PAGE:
Almost exclusively Postgres. I sometimes bump into other things from time to time in my journeys: Oracle, MongoDB, Redis, MySQL, and a host of others both known and not so well-known. Every time I do, it reinforces for me the many ways that Postgres excels. One of the things that makes my life a happy one is not having to use SQL*Plus ever again7.
If I had to pick a favorite, it would be SQLite, which is an impressive piece of software.
What sort of coding projects do you work on?
I maintain the Perl driver for Postgres, DBD::Pg. I also wrote and/or maintain a slew of other projects related to Postgres, including check_postgres, Bucardo, and tail_n_mail. I helped whip the Postgres port for MediaWiki into its current shape, and also created the wiki at wiki.postgresql.org. I like to poke at the Postgres code as well, although I really need to get more serious about that again and contribute more. My favorite contributions are probably \timing and ON_ERROR_ROLLBACK (psql is miles ahead of any other database CLI!).
How about non-code contributions?
I’ve always been heavily involved in the advocacy efforts. I am on the funds group and attend conferences. I like to hang out on the various free forums, to both help and learn. Shout out to the cool people in the #postgresql channel - you know who you are. Also a big hello to everyone in the new parts of town: Slack and Discord.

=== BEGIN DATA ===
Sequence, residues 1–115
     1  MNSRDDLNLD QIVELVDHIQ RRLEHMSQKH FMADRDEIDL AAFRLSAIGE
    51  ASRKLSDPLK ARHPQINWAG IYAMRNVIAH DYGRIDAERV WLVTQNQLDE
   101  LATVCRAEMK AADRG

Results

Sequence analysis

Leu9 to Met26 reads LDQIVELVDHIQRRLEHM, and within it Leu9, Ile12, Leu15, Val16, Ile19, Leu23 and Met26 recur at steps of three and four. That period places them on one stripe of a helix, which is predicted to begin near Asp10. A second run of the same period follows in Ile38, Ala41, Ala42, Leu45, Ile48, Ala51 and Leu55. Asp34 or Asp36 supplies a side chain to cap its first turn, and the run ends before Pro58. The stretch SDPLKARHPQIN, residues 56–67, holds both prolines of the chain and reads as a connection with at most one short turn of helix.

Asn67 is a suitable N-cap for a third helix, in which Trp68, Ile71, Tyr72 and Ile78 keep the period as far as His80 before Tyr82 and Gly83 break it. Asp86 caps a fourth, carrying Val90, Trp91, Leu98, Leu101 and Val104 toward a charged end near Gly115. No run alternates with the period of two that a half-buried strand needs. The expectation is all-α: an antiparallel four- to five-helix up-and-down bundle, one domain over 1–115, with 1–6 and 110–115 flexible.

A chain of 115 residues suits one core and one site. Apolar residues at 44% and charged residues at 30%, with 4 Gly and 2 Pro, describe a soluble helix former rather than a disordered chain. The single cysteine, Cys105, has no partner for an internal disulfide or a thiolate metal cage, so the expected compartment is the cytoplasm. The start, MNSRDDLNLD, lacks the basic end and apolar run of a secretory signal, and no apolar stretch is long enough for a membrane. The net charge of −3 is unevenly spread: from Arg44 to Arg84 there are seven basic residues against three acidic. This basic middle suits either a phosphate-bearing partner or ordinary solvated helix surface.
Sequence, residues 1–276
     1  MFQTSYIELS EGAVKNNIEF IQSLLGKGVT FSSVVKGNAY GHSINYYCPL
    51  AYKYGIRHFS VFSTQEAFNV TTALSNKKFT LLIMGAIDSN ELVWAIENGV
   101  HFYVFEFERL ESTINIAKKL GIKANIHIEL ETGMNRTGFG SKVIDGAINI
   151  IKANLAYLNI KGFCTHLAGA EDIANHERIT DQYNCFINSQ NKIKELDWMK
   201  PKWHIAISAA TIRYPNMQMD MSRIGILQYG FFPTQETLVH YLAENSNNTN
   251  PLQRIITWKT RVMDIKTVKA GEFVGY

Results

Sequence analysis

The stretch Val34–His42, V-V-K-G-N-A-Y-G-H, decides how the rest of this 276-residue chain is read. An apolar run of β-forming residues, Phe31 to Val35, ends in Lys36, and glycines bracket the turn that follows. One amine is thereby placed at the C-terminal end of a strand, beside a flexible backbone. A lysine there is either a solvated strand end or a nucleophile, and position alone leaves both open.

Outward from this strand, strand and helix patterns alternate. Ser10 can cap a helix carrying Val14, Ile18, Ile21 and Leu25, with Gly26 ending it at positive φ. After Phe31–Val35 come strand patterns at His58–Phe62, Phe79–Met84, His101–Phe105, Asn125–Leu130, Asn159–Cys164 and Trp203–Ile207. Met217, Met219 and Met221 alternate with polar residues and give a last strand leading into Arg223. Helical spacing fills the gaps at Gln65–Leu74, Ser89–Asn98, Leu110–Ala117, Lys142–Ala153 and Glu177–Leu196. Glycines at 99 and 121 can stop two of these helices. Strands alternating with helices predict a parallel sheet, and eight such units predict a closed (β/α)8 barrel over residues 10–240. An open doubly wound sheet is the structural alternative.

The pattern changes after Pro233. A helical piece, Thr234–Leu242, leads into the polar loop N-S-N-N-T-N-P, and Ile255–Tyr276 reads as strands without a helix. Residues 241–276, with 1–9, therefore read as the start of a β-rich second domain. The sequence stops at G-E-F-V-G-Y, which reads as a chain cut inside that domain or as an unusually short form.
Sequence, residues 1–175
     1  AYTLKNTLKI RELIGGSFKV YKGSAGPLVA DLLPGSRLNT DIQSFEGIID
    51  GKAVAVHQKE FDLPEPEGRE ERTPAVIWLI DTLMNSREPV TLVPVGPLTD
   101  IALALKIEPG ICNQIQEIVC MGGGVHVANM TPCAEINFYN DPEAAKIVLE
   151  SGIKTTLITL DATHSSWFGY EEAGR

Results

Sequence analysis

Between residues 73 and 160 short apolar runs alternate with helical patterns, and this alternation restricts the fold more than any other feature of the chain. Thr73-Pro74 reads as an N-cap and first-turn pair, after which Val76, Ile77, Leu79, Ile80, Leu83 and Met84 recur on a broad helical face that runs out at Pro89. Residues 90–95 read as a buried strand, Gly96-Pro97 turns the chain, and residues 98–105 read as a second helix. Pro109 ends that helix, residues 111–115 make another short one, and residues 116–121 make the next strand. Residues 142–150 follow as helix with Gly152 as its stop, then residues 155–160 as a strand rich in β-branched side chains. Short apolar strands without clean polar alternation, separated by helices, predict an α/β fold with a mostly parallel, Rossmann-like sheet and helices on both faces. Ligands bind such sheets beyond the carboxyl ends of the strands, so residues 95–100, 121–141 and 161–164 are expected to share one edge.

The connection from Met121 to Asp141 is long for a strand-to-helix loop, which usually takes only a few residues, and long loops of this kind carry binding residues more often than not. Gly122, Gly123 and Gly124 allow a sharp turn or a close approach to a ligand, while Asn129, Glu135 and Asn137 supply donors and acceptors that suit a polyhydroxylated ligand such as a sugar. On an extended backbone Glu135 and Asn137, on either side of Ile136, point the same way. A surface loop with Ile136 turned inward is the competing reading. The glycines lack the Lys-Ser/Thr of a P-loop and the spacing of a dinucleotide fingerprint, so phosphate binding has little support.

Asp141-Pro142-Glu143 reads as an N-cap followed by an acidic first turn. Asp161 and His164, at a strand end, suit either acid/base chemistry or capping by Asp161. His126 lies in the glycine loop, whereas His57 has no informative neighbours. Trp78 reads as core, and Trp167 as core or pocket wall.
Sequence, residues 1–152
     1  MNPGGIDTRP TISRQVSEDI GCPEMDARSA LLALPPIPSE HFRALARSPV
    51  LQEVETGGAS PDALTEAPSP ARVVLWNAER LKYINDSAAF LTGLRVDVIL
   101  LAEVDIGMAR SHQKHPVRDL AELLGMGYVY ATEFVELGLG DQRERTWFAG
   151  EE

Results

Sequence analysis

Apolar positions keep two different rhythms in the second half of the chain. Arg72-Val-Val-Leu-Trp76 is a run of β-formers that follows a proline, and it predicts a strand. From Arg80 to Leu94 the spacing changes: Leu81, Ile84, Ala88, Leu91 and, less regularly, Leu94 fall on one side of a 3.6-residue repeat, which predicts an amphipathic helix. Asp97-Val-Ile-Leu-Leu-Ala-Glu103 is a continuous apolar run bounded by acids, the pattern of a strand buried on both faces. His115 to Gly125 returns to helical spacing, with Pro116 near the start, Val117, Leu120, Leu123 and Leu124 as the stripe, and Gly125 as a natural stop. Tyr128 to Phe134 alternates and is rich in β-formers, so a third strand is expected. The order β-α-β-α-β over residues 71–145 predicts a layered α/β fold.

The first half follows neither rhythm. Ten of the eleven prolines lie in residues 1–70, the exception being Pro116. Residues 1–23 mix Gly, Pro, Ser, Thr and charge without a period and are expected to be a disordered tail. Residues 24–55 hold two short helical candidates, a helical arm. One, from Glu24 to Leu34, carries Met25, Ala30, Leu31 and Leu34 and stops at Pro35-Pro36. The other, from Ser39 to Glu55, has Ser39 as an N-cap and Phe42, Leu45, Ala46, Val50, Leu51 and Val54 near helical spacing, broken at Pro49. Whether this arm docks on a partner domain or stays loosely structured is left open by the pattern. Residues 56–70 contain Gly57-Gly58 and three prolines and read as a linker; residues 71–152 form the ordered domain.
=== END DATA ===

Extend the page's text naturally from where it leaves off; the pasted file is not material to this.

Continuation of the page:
I’ve also been a member of Pg.US, helped to moderate the mailing lists, and blog about Postgres. Actually, I’ve been on a sabbatical from blogging for a while, but I really should get back into that8.
What is your favorite Postgres extension?
There are so many useful extensions! You cannot make me pick just one, I refuse!
Many are not needed day to day, but are there when you need them, like that bottle of saffron on your spice rack9. I think if I had to pick one (an extension, not a spice10), it would be pg_stat_statements : I cannot imagine running a production database server without it.
Of course, PL/pgsql is now technically an extension, so it would be at the top of a list as well, as it is indispensable. I love PL/Perl as well, although I don’t use it as much as I once did. PL/R is amazing as well.
What is the feature you like most in the current Postgres version?
The latest version as I write this is Postgres 13, and again, it is hard to pick just one thing. One feature I really like is the new concept of trusted extensions, which allows non-superusers11 to install certain extensions.
Any things about Postgres that annoy you?
So, not problems per se, but annoyances? Sure, I can come up with a few:
The name. Come on, it’s 2020. Nobody wants to trip over our silly portmanteau anymore. Just rename it Postgres already12.
The pg_hba.conf file. Horrible name, completely non-intuitive13. The insides are not much better, but at least have (necessarily verbose) documentation.
No bug tracker. That’s pretty crazy. I know Tom Lane fixes all bugs within 10 minutes of receiving an email about it, but still…
pg_upgrade still doesn’t handle statistics14